RF Generation.  The Classic and Modern Gaming Databases.RF Generation.  The Classic and Modern Gaming Databases.

Posted on Apr 8th 2016 at 08:00:00 AM by (bickman2k)
Posted under People of RF Generation, Izret101, Mortal Kombat, reflective clothing, I dont have a son


My second interview in this series is from another person I had the pleasure of meeting at last year's RetroWorld Expo. Izret101 is well known around here for his Mortal Kombat collection as well as for being fairly short...


Continue reading People of RF Generation: Izret101



Posted on May 3rd 2011 at 01:22:07 AM by (noiseredux)
Posted under PlayStation 2, Mortal Kombat

There's a lot of talk right now about the new PS3 release of Mortal Kombat. And though I hate it when a game re-uses a title, rather than just being a proper sequel or spin-off, I have to say that everything I've heard about this new reboot of the series is rather exciting. I was a big fan of the original Mortal Kombat on the Genesis. Of course I was also fourteen years old at the time, so any game that came with a warning to parents and a "blood code" was going to be great in my book. Hindsight actually tells me that Mortal Kombat was a pretty lousy game. But hey, I'm not going to ask for the hours spent enjoying it back. In fact the second and third entries in the series actually turned out rather good. Enough so that I can still revisit those with no reservations. But sometime around the fourth, I just stopped caring. Or more precisely -- when the fourth game came out, I just stopped caring. I'm just not a big fan of 3D fighters, so any transition that a classic 2D game makes to 3D is going to feel suspect to me. It's funny, but true. I'm more prone to enjoy a 3D fighting game if it never originated in the 2D realm. Call me silly. I am what I am.

And that brings me to another point. I am what I am. And what I am is a total sucker for bonus discs. Now I don't mean like a demo disc tacked on and call it a day. I mean serious extra material. Stuff that makes your collection glow a little brighter. And although I'm not all that into Mortal Kombat: Deception or Mortal Kombat: Armageddon on the PS2, I am a bit of a fan of the premium editions released for each. You see strangely, the bonus discs and extra content actually seems to be a much bigger gift to fans of the series than either game can rightly claim to be.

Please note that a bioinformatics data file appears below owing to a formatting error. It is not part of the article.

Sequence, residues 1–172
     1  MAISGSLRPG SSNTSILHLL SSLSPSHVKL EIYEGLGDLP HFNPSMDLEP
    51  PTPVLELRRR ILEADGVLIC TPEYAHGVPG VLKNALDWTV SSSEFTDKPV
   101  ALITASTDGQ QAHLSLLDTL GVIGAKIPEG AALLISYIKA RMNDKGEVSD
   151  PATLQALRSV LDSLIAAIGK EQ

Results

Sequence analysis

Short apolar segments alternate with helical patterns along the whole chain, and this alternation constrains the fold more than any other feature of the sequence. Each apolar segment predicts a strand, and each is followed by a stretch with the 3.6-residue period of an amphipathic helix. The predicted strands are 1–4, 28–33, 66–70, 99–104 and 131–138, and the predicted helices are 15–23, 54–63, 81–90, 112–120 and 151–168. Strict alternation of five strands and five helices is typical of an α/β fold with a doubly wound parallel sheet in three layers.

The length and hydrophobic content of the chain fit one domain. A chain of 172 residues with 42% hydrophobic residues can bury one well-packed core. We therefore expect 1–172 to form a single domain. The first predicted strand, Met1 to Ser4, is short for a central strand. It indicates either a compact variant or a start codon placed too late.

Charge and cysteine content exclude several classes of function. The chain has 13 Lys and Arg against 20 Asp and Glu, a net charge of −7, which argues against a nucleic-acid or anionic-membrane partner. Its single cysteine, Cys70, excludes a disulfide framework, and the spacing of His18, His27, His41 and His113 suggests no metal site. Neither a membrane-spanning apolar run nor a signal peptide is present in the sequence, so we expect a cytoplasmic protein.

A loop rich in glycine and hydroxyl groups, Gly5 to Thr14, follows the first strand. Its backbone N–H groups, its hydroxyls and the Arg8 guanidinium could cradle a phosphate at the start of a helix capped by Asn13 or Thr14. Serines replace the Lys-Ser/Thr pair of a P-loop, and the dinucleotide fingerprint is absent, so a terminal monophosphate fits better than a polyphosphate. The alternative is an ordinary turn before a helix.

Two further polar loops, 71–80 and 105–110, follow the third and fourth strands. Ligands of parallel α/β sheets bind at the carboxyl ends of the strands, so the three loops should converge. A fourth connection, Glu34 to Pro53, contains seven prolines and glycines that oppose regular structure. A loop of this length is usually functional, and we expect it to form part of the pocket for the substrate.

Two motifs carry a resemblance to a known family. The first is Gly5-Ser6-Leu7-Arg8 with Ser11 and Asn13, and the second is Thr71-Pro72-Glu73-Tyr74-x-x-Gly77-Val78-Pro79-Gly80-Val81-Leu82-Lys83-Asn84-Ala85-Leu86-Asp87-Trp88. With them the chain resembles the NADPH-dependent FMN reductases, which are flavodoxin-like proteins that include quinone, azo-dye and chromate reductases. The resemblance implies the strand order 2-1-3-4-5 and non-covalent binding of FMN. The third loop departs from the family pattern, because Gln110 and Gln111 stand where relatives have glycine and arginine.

Mortal Kombat: Deception's Premium Pack is actually a pretty cool package. Its outer cardboard box opens like a book and houses two DVD cases. The first disc houses the standard version of Deception, the better of the two Mortal Kombat titles we'll be discussing today. In fact, rumor has it that it's possibly the best 3D Mortal Kombat title to date. Of course, I don't know about all that. I just know that it has a similar feel to me as DOA: Hardcore, which is something I can deal with. Though I did find the addition of weapons a bit odd, and maybe reactionary to the success of the Soul Calibur series, I really can't say that I had any issues with Deception in the grand scheme of things. Sure it's missing that classic 2D feel that I grew up with, but as far as 3D sequels go, I could point to far worse examples.